Still, with seven years since Alissa was seen, police had to start this case completely from scratch. They started with the people Alissa had been closest to, her family and friends, and then worked their way down through people who had gone to school with her, or had her as a coworker. As soon as an actual investigation is underway, some seemingly new facts come to the surface that puts the case in a new light right from the get-go. In 2008, Michael Turney, Alissa’s stepfather, tells police that on May 17th, 2001, he picked his stepdaughter up from her high school early: around 11 AM or 12 PM. While the school’s attendance records from that year were no longer existent, Alissa’s former boyfriend and several other friends confirmed that they remembered Alissa telling them that morning at school that she was leaving early, and that she would see them later that night for an end-of-school party.
Why wasn’t Alissa leaving early disclosed to police until seven years later? Why would Alissa be making plans if she was indeed planning on running away to California? And why was she picked up in the first place? These were all questions that let police know they were on the right track with their hunch of foul play. Michael Turney in particular was already looking suspicious. Not only had he never mentioned him picking Alissa up that day to police, but in the past seven years he hadn’t even ever told this information to his and Alissa’s own family. In fact, horrifyingly enough, the rest of the Turney’s didn’t even find out this event had happened until it was mentioned on an ABC 20/20 special episode about Alissa’s case. The family watched the episode in real time and found out, along with the rest of America, that Michael had lied to them.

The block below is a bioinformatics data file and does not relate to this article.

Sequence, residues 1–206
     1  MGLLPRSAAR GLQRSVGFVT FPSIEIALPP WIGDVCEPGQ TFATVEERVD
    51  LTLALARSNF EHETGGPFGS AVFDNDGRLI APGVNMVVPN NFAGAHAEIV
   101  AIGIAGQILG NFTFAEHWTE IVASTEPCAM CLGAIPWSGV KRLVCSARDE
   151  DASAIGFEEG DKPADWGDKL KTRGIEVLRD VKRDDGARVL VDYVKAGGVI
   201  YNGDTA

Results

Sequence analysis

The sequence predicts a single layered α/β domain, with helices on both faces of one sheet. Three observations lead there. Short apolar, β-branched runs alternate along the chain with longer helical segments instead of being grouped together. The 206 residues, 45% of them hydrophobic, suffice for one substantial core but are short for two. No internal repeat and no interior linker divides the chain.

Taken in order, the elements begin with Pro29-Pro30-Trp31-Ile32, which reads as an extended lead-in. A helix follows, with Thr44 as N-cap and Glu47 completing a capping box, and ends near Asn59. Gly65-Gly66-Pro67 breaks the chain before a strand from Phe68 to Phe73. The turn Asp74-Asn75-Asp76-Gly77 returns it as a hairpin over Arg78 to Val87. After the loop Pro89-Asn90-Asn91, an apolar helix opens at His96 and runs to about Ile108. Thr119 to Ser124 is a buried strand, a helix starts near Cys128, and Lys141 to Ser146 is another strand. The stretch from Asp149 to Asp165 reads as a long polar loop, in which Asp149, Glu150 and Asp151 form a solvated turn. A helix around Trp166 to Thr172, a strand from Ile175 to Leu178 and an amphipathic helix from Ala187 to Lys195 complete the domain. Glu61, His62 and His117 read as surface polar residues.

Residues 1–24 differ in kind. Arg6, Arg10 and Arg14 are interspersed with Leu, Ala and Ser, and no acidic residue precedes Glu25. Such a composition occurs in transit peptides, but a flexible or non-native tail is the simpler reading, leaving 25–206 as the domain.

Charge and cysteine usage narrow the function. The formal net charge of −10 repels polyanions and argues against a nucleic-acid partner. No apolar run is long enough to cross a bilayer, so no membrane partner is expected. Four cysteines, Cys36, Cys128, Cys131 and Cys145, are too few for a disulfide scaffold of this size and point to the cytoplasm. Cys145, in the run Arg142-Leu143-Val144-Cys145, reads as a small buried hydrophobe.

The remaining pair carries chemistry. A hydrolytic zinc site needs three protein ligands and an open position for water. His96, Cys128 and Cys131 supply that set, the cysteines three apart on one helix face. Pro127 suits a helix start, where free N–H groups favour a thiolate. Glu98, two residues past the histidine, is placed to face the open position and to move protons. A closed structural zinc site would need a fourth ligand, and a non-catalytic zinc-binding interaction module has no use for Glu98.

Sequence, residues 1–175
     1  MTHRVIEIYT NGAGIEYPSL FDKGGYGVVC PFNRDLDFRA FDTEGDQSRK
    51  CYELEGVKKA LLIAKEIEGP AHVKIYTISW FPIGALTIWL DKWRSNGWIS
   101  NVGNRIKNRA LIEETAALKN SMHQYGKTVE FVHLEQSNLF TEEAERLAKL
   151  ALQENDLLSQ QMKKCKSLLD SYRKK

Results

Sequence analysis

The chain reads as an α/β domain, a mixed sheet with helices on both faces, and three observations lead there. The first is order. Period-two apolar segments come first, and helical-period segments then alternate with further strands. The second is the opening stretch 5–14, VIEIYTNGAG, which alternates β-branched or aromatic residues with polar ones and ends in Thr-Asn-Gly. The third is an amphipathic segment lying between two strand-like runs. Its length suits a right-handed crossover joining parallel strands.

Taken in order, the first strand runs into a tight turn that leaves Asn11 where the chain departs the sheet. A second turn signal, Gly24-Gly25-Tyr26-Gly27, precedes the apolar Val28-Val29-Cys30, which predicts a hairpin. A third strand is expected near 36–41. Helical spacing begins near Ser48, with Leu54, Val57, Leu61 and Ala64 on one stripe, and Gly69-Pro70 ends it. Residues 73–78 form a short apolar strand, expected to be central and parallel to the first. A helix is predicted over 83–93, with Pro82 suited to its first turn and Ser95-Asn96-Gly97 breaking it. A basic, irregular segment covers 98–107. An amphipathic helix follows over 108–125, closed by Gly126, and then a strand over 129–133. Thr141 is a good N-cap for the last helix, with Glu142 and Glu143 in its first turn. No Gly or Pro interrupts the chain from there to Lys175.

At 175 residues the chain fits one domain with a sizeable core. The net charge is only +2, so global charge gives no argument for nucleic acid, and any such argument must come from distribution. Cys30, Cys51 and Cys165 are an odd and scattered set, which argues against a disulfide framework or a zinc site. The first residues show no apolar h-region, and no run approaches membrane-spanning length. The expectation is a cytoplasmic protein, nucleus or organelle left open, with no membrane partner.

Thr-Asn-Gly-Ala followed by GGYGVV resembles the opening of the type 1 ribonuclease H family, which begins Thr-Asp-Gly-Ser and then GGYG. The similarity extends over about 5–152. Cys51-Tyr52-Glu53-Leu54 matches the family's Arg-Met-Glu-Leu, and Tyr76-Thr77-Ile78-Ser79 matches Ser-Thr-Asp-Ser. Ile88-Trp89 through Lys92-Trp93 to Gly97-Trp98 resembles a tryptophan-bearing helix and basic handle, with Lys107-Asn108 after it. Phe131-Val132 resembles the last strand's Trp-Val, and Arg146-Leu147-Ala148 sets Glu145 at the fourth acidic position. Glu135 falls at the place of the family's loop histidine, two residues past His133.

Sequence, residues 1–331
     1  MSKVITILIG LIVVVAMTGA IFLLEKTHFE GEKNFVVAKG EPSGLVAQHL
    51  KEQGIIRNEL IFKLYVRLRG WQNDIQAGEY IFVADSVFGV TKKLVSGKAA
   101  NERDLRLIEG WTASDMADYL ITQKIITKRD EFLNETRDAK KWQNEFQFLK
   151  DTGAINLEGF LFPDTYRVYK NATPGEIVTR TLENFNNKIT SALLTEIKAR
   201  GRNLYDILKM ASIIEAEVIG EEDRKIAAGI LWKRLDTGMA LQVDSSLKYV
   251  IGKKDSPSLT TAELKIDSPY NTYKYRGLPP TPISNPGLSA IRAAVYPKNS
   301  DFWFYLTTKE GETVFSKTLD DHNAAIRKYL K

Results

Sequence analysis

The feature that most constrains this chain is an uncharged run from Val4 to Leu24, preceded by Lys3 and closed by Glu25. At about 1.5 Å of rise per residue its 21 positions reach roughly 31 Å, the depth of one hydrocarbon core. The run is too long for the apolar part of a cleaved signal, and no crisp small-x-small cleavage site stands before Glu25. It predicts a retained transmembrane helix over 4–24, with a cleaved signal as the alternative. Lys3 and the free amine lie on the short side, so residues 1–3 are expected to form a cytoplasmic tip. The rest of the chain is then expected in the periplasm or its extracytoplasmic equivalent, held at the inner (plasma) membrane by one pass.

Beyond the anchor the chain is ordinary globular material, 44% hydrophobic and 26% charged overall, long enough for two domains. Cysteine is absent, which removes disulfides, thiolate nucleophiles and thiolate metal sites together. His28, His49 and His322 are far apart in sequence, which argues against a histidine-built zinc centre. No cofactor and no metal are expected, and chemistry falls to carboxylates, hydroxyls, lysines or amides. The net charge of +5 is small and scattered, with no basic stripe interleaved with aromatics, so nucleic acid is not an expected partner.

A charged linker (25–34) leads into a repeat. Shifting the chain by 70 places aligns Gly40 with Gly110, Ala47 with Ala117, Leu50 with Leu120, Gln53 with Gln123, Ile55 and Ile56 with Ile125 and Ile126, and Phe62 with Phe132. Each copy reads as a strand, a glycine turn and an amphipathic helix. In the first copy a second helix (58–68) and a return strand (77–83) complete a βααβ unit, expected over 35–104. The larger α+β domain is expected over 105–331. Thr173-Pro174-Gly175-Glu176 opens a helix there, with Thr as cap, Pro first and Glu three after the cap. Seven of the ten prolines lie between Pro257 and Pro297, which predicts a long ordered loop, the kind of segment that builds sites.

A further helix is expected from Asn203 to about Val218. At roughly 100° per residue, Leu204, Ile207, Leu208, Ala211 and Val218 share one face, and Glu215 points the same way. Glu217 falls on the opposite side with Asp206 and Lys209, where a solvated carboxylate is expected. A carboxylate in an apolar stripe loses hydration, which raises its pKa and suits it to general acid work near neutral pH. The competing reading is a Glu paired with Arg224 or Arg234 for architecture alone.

Here’s Michael’s updated story to police (as of 2008). He claims he picked his stepdaughter up to go to lunch, which they did, and then returned to their home, where he says they had an argument-turned-fight about following house rules. Then, he says, she stormed to her room, he went out to do errands, and he didn’t realize she was missing until he returned home with his daughter Sarah and found the note in Alissa’s room. A story that sounds plausible, sure, but one that has no way of being verified. Until, that is, Michael lets slip just what kind of a homeowner he is.
Michael, being clearly an incredibly paranoid individual, was someone who insisted on recording… everything. From a recording device on his landline that recorded every incoming and outgoing call, to security cameras surrounding the front and back yards, to even a tiny video camera hidden in the vent of his living room, he clearly wanted to be prepared to prove something (or everything) that had happened within his house. Which made the situation all the more suspicious when Michael, after being asked by police to provide any recordings from the day of May 17th, simply insisted that, on that particular day, the recorder was “turned off”.
This shifty behavior was enough to get Michael into police custody while a search of his home was conducted. And upon searching, police discover a bombshell—literally. Twenty-six homemade pipe bombs were found at Michael Turney’s residence, alongside a startling 90-page manifesto written by himself. Despite his claims to the public that the bombs were “planted” by law enforcement, Michael Turney did plead guilty to the possession of them and was sentenced to ten years in prison in 2010. It’s important to note: he only was charged with the possession of the bombs, not for anything having to do with Alissa.